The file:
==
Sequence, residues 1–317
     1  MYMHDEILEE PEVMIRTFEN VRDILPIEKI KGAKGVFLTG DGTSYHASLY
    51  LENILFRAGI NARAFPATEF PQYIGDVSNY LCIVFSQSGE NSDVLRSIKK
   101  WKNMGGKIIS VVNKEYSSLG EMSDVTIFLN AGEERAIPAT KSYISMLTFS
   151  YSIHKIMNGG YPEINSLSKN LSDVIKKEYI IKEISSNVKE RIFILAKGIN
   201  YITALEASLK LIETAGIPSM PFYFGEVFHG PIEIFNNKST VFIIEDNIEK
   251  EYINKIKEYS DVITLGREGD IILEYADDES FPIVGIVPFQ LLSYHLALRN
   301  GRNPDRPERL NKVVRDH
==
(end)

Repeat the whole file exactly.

Sequence, residues 1–317
     1  MYMHDEILEE PEVMIRTFEN VRDILPIEKI KGAKGVFLTG DGTSYHASLY
    51  LENILFRAGI NARAFPATEF PQYIGDVSNY LCIVFSQSGE NSDVLRSIKK
   101  WKNMGGKIIS VVNKEYSSLG EMSDVTIFLN AGEERAIPAT KSYISMLTFS
   151  YSIHKIMNGG YPEINSLSKN LSDVIKKEYI IKEISSNVKE RIFILAKGIN
   201  YITALEASLK LIETAGIPSM PFYFGEVFHG PIEIFNNKST VFIIEDNIEK
   251  EYINKIKEYS DVITLGREGD IILEYADDES FPIVGIVPFQ LLSYHLALRN
   301  GRNPDRPERL NKVVRDH